Energy Policy

Topics: Hypothalamus, Growth hormone, Leptin Pages: 22 (7518 words) Published: April 16, 2013
0013-7227/01/$03.00/0 Printed in U.S.A.

Endocrinology 142(10):4163– 4169 Copyright © 2001 by The Endocrine Society

Minireview: Ghrelin and the Regulation of Energy Balance—A Hypothalamic Perspective TAMAS L. HORVATH, SABRINA DIANO, PETER SOTONYI, MARK HEIMAN, ¨ MATTHIAS TSCHOP AND

Reproductive Neuroscience Unit (T.L.H., S.D.), Department of Obstetrics and Gynecology and Department of Neurobiology (T.L.H.), Yale Medical School, New Haven, Connecticut 06520; Department of Anatomy and Histology (P.S.), Faculty of Veterinary Science, Szent Istvan University, Budapest, Hungary 1400; and Lilly Research Laboratories (M.H., M.T.), Eli Lilly & Co., Indianapolis, Indiana 46285 The recently discovered hormone, ghrelin, has been recognized as an important regulator of GH secretion and energy homeostasis. Orexigenic and adipogenic ghrelin is produced by the stomach, intestine, placenta, pituitary, and possibly in the hypothalamus. The concentration of circulating ghrelin, principally derived from the stomach, is influenced by acute and chronic changes in nutritional state. To date, most studies focused on the role of ghrelin in GH secretion or its function in complementing leptin action to prevent energy deficits. The potential significance of ghrelin in the etiology of obesity and cachexia as well as in the regulation of growth processes is the subject of ongoing discussions. A large quantity of information based on clinical trials and experimental studies with ghrelin and previously available synthetic ghrelin receptor agonists (GH secretagogues) must now be integrated with a rapidly increasing amount of data on the central regulation of metabolism and appetite. In this overview, we summarize recent findings and strategies on the integration of ghrelin into neuroendocrine networks that regulate energy homeostasis. (Endocrinology 142: 4163– 4169, 2001)


BESITY AND RELATED disorders are among the leading causes of illness and mortality in the developed world (1). To better understand the pathophysiological mechanisms that underlie metabolic disorders, increasing attention has been paid to central regulatory elements in energy homeostasis, including food intake and energy expenditure (2–5). The past two decades have provided overwhelming evidence of the critical role that hypothalamic peptidergic systems play in the central regulation of appetite and metabolism (6, 7). The discovery of ghrelin (8 –11) and its influence on appetite, fuel utilization, body weight, and body composition that is complementary to ghrelin’s GHreleasing effect (12) adds yet another component to the complexity in the central regulation of energy balance. Discovery of Ghrelin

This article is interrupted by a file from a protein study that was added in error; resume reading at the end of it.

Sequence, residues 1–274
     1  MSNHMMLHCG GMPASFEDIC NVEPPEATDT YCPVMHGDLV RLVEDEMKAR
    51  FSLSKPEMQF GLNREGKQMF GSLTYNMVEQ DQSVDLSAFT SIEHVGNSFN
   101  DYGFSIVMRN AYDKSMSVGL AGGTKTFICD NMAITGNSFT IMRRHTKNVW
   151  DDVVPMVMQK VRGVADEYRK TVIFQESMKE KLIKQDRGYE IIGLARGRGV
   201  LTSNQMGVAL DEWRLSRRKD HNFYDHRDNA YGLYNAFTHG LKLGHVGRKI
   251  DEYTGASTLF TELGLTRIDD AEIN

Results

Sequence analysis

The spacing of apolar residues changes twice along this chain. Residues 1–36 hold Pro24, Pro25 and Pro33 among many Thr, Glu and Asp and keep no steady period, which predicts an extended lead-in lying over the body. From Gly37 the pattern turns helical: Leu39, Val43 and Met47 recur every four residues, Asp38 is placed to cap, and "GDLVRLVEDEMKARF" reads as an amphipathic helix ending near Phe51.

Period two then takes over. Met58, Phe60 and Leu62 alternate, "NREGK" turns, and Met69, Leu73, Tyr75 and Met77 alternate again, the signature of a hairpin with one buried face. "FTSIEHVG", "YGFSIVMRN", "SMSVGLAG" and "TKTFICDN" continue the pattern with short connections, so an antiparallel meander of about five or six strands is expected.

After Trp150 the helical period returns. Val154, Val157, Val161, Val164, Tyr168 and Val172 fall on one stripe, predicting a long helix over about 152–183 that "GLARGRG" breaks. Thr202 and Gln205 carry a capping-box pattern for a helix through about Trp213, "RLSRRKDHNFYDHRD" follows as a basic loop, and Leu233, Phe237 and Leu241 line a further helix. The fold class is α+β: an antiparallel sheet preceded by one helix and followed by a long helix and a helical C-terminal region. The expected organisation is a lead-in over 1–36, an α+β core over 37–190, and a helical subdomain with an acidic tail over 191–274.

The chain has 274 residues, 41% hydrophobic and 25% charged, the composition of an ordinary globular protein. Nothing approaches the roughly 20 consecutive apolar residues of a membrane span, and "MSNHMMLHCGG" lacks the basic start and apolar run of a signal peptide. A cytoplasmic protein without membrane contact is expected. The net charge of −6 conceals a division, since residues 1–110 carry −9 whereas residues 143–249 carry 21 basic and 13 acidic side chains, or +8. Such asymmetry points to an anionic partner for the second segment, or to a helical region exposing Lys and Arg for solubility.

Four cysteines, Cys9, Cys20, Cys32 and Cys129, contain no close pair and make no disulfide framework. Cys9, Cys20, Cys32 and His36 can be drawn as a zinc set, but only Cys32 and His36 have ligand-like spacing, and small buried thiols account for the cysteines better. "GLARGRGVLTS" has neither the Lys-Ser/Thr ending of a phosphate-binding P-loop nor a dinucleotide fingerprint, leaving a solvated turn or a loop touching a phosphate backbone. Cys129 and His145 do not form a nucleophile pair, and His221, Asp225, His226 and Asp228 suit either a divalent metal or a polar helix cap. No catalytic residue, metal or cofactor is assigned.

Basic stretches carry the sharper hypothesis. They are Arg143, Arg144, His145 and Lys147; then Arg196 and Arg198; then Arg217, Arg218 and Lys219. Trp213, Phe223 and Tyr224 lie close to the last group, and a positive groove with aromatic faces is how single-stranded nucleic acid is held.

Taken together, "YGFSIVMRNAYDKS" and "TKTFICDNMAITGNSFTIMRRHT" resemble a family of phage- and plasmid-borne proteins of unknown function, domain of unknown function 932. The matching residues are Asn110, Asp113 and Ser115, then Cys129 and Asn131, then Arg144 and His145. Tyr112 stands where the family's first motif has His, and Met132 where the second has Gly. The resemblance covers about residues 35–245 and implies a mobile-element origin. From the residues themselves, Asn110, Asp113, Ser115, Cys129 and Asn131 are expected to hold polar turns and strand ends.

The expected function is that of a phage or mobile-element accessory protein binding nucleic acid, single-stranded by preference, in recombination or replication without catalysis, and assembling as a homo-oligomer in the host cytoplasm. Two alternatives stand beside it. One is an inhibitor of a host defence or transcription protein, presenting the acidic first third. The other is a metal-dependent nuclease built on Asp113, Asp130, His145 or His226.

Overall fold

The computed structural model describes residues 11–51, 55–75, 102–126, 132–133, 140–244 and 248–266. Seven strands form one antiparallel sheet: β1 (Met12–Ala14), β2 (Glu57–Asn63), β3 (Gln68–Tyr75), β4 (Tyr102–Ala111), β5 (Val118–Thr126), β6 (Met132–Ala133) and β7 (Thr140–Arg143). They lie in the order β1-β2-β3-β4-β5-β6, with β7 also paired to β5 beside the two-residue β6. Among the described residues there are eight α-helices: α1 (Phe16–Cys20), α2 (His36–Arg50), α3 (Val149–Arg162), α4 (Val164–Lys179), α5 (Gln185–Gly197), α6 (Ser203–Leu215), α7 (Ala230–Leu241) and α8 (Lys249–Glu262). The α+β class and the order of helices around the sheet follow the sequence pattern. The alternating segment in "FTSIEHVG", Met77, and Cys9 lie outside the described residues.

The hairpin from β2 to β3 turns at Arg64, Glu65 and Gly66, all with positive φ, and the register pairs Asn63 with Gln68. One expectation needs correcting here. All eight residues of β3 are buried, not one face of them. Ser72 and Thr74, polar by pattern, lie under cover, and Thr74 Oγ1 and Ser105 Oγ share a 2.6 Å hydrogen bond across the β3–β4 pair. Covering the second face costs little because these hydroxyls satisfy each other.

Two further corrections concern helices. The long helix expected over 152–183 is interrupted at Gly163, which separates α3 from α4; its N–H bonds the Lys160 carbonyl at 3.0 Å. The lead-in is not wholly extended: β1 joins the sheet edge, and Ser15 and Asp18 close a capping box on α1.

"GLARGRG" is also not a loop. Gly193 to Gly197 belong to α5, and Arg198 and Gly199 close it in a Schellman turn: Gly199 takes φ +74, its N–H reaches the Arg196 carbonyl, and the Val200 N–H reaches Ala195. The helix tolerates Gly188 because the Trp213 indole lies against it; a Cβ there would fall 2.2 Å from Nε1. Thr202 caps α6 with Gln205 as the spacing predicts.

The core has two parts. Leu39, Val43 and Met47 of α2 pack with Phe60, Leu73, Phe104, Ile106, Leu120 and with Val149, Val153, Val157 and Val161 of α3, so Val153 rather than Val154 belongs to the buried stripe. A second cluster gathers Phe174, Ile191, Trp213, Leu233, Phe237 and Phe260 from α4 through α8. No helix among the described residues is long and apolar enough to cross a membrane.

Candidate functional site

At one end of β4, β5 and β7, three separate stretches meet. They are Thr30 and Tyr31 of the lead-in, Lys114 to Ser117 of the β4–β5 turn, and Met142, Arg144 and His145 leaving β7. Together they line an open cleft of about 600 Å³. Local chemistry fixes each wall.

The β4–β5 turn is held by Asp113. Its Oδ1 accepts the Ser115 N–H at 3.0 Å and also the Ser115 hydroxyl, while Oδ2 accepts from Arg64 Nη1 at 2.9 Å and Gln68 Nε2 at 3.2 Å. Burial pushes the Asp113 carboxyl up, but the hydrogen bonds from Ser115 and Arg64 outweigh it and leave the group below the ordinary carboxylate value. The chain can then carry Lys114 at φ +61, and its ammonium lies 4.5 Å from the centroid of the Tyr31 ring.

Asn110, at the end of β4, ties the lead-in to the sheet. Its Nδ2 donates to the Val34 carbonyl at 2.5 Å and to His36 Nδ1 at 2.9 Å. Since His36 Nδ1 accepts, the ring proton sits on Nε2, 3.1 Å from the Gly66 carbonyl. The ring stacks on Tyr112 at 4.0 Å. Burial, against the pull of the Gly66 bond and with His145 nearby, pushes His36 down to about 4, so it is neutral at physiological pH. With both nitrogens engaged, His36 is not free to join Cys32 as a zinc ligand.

Reverse pharmacology may be an appropriate term to describe the road to ghrelin’s discovery. First, synthetic agonists with ghrelin-like activity [GH-releasing peptides (GHRPs) and GH secretagogues (GHSs)] were discovered by Bowers and co-workers in the late seventies (9, 13–15), followed by the cloning of ghrelin-GHS-receptor (GHS-R) in 1996 by Smith and co-workers (16 –18). Subsequently, the elegant studies by Kojima and co-workers led to the identification of an acylated 28 residue peptide as an endogenous bioactive ligand for the GHS-R (8 –11). It was called ghrelin, a term that contains “ghre-” as the etymological root for “growth” in many languages. “GH” and “relin,” a suffix for releasing substances in generic names according to the USP Abbreviations: AGRP, Agouti-related protein; GHRP, GH-releasing peptide; GHS, GH-secretagogue; GHS-R, GHS receptor.

Dictionary of USAN and International Drug Names, also represents an abbreviation for “growth-hormone-release,” a characteristic effect of ghrelin (8, 11). The Ser3-acylation that seems to be responsible for bioactivity of ghrelin is a modification that has been observed for the first time in mammalian physiology. There are no data to support the tempting speculation that the purpose of this modification is to increase...
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